HUDSON VALLEY, N.Y. – It’s time to play baseball!

Well, almost. And kind of.

The wheels are in motion for youth baseball and softball to return to Westchester County and the surrounding area soon.

Our newsletter delivers the local news that you can trust.

But a few things still need to happen. And there are a lot of question marks. Like health protocols for players, limited spectators, and facilities—fields on which to play the games.

The Greater Hudson Valley Baseball League (GHVBL), the largest league in the area with over 700 teams participating throughout the year, is scheduled to play its first game in Connecticut on July 2, and games are set to begin in New York July 6.

The Mid-Hudson area was expected to be in Phase 3 of the state’s reopening plan this week, allowing teams to practice, with games beginning July 6, according to David Zaslaw, GHVBL founder and president.

“New York has done a great job managing the curve,” he said.

Zaslaw said that the league depends on town and school officials opening the fields so teams can play.

“Some towns are ready to open practices and then have games,” he said. “And some (lower Westchester) aren’t quite ready. It really depends on the town. I believe Yorktown and Mahopac are ready for July 6, and fields will be open for games.”

But school fields are off the table until Phase 4, according to Mahopac’s athletic director, Frank Miele.

“The softball league and [Mahopac] Sports Association have asked us about facilities,” Miele said this week. “But we’re not doing anything until at least July 20. Things can change, right now everybody is in a rush. But it’s my understanding that the schools will not open facilities until Phase 4.”

That leaves teams hoping for county fields to be opened.

“Without school facilities, we are hoping to get the support of county executives to allow us to play on county fields,” Zaslow said. “The Mid-Hudson task force hopefully can impact that. We definitely need their support.

“But we’re still on track for July 6 in New York,” Zaslow added. “All of the Mid-Hudson region will be able to play baseball by then. And it’s up to the coaches to come up with the fields to play on. But I have very high confidence they will get fields. A lot of towns are opening their fields on July 6.”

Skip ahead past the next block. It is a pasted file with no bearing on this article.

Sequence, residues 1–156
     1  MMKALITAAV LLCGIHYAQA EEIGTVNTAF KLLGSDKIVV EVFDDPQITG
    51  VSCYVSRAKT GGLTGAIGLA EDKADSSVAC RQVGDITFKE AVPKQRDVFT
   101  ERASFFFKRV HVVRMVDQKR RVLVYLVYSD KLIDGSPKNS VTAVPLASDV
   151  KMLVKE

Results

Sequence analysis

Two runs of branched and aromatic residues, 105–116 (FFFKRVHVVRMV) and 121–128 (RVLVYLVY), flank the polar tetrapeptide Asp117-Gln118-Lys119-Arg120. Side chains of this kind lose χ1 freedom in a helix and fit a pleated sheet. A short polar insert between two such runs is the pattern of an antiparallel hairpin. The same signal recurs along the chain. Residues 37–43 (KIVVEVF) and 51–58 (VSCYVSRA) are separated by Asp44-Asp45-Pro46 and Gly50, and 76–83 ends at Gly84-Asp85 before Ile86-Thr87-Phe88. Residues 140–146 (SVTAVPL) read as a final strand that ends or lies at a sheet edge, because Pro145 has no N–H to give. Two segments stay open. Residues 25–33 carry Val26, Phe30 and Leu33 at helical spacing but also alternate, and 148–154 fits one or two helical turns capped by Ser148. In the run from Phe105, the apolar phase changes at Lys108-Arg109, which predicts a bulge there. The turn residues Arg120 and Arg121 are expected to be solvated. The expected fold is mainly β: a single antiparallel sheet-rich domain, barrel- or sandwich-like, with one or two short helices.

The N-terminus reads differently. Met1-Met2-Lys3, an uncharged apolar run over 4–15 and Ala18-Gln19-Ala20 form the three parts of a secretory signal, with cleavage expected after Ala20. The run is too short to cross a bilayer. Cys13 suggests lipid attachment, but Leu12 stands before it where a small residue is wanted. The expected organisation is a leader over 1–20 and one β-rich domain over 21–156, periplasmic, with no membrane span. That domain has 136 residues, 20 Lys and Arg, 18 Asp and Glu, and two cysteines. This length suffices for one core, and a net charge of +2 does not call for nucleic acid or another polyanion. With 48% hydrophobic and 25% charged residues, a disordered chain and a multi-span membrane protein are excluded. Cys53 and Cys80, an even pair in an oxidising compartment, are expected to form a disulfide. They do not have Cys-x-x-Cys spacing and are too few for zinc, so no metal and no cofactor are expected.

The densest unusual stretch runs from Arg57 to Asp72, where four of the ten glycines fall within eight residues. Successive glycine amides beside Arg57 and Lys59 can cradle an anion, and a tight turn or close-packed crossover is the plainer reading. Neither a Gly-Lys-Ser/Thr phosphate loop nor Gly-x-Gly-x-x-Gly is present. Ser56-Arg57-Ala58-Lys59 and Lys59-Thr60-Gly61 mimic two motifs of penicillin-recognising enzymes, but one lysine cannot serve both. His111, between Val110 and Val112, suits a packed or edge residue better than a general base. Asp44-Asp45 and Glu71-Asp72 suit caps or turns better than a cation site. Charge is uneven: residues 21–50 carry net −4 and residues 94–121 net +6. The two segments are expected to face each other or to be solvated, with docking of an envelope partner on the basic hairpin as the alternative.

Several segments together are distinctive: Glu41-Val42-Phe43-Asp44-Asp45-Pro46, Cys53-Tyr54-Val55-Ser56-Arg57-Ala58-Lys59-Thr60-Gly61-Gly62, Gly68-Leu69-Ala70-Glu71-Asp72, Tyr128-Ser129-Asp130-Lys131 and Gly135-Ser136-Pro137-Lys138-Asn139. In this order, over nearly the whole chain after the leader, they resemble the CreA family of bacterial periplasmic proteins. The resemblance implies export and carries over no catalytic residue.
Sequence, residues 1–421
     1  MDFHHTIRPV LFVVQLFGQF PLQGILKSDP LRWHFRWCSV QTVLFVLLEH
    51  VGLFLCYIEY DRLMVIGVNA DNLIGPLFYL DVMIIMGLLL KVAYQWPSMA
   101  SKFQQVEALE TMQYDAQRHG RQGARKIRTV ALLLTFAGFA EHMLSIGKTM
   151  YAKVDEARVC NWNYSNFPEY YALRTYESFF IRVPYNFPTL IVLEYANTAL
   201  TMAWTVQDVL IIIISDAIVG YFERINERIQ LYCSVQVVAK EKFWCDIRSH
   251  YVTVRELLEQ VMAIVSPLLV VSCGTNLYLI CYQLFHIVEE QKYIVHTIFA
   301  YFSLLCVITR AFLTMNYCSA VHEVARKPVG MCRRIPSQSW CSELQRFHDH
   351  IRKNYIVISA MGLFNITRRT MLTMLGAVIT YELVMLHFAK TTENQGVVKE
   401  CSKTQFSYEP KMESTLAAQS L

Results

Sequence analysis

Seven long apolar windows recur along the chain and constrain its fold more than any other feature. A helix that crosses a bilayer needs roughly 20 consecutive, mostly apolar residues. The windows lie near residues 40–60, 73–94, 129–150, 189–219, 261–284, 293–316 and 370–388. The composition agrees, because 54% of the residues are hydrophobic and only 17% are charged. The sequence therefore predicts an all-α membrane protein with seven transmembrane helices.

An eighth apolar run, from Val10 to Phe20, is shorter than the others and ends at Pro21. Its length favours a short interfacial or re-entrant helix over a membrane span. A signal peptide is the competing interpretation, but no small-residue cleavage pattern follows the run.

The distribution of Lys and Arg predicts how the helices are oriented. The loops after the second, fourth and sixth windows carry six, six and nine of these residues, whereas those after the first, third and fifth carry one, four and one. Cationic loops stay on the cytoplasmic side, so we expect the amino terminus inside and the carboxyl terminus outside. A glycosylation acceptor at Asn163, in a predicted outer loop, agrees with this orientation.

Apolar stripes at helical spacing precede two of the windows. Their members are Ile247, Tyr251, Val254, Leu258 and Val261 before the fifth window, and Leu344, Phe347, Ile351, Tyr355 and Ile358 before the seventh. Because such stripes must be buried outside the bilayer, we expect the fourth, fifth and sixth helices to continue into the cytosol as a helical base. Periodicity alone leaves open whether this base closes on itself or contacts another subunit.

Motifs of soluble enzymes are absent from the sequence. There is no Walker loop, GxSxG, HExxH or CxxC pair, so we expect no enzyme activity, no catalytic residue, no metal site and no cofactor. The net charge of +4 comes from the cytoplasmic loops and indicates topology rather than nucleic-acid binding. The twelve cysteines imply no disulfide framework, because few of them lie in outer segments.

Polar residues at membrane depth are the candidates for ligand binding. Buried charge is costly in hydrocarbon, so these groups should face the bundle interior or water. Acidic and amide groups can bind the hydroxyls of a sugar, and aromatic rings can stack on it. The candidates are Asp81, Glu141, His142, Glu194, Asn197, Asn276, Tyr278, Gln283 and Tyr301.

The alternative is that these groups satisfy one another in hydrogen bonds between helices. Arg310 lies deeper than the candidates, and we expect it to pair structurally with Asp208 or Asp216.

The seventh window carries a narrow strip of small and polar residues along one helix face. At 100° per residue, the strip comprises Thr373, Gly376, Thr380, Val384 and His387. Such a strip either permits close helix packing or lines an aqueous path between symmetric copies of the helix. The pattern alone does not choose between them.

Practices and games will follow new protocols, including only three players at a time inside the dugout, only 12 players (per team) allowed to come to the field for each game, umpires must wear a mask, coaches wear masks at all times, and perhaps the trickiest of all—catchers are to wear masks.

“That will be tough, tough on the players,” said Mike Ambrosecchia, coach of Mahopac’s 17U team. “They’ll need to be hydrated, especially on a hot afternoon. Hopefully that (the mask for the catcher) is an optional thing.”

Two parents or spectators are allowed from each family.

“And they’ll have to social distance from other groups,” the coach said. “As of now, we’re OK with it. Hopefully it goes smoothly.”

A universal “no-touch” rule also applies to players, coaches, and umpires.

“The no touching and socially distancing will be the toughest to enforce,” Ambrosecchia said. “Kids are playing with their friends. It will be very interesting.”

Zaslow believes the adults on the field can keep things on track.

“I feel like the coaches can keep the kids under control,” Zaslaw said. “And kids are fast learners, so I don’t think it will be a problem. I think they will get acclimated to the new rules very quickly.

“Hopefully this is not forever,” he added. “We want to get back to baseball—the way it was meant to be played—soon. But for now, and in the fall, we have rules in place, and will adhere to those. Because I think people are starved for baseball.”

The numbers prove his point. The GHVBL has 440 teams registered for this summer’s 42-game schedule—and they registered about a month ago, well into the pandemic.

“I was surprised at the amount of teams registered. I thought some might hesitate,” Zaslaw said. “Right now, we have 440, which is unreal, that’s unbelievable. I’m shocked, and pleasantly surprised.”